Published June 02, 2014
With more than 150,000 Syrians killed and millions more seeking refuge in neighboring Jordan, Lebanon and Turkey, a national election will be held tomorrow to give Syrian President Bashar Assad another seven-year term in charge.
The vote is meaningless, purely a symbolic gesture aimed at giving Assad the appearance of legitimacy. The United States and Syrian opposition forces have called the presidential election a farce while U.N. Secretary General Ban Ki-moon is urging the Syrian government not to hold the election.
In 2007, Assad got more than 97% of the vote. This time he is running against two other candidates, a lawyer and a businessman, who by all accounts are on the ballot just to make the election seem real. Voting will only take place in areas controlled by the regime, forget regions in the north and east that are held by rebel forces.
So a fair and free election it is not, and the U.N. believes the elections will only worsen the bloody civil war that has been raging on for three years. Assad’s assured victory is meant to send a message that he is still in charge, in control and able to continue his brutal offensive.
Bizarrely, in the middle of all this, Facebook (FB) has become an unexpected lightning rod. Human-rights activists are calling on the social networking site to refuse Assad’s political campaign access to its services.
The “Syria Campaign” has launched an online petition, calling on Facebook to shut down Assad’s “Sawa” campaign. Sawa means “together” in Arabic and in the past three weeks advertisements for the Sawa campaign have briefly appeared alongside some people’s Facebook pages, even those who stand against the Assad regime.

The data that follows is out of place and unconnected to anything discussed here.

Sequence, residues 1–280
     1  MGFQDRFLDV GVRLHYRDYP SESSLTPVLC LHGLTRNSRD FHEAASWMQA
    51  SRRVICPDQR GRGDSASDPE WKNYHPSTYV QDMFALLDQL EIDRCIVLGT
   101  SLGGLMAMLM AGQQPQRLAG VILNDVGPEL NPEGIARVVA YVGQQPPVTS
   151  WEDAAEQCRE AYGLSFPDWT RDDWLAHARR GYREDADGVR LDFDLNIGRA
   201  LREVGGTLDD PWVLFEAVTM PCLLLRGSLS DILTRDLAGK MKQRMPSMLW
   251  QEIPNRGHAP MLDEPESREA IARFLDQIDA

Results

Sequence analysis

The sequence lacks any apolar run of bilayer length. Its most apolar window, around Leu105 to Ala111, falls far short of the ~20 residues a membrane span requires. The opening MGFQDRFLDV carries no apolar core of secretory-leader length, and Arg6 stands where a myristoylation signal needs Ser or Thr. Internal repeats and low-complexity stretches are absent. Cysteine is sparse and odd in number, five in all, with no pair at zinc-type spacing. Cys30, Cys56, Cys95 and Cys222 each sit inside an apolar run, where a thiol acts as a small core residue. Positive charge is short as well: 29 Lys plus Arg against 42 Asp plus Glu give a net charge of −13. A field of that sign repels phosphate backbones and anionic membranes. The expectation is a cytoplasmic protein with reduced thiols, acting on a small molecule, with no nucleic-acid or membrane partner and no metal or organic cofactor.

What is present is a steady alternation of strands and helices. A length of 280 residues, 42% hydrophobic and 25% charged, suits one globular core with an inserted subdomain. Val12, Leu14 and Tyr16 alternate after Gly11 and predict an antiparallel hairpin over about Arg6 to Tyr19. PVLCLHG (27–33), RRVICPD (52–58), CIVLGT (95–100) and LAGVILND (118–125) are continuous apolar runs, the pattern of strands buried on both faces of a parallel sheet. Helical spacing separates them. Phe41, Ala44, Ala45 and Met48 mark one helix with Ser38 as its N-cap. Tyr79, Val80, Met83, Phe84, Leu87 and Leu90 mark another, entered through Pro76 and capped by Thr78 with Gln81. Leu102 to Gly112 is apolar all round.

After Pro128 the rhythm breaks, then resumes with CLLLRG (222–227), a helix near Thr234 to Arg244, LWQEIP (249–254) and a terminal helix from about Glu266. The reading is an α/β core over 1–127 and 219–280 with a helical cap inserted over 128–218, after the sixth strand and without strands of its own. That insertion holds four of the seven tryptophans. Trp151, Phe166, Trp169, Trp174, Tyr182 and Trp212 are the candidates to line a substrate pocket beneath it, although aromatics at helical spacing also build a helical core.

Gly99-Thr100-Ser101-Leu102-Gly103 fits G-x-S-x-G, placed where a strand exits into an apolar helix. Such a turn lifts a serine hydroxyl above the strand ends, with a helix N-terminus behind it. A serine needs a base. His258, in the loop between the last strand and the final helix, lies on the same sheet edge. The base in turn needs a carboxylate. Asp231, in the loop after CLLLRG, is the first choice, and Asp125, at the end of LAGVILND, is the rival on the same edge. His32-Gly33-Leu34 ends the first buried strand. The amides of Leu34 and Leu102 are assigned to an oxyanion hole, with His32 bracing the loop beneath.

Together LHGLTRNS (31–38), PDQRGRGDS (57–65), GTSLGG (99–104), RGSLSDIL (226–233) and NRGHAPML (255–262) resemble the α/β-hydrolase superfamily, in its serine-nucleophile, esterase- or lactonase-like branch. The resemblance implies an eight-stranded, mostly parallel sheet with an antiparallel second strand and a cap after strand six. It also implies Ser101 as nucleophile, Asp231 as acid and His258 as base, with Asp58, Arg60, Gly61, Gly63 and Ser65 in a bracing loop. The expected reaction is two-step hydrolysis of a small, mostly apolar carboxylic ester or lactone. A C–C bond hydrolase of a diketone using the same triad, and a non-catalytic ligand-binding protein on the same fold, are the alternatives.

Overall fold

Critics say Facebook should not be seen to support a regime that has committed serious war crimes against its own people. In response, Facebook says the ads had been placed from outside Syria and have already been taken down, as they violated the company’s advertising policy.
But a spokesperson says Facebook is not considering dropping the actual Sawa site, adding that the social media giant permits freedom of expression.
In Syria, freedom of expression can get you killed.
As the mortar shells and barrel bombs rain down on opposition forces it’s clear the rebel groups themselves are divided. Suspicion among opposition factions runs high, each competing with one another for outside donations of money and weapons and then hoarding their cache for the “day after” Assad falls and a new battle begins for supremacy.
The internal squabbling among the rebels has made Western countries including the United States hesitant to provide weapons that could end up in the hands of groups they weren’t intended for. Amid all the infighting the rebels have been losing ground in Damascus and Homs and are struggling to hold onto Aleppo.
Against this backdrop, campaign banners and posters for Assad can be seen across the capital Damascus, one reads: "Our Bashar, we will not accept a president other than you. We have chosen you, you have our loyalty."
Loyalty through fear leads to landslide victories, not to mention that Syria’s opposition can’t participate in tomorrow’s vote thanks to a recently passed law barring those leading the revolt against the regime from competing.
So, even without Facebook’s help, Assad’s rule and Syria’s turmoil goes on.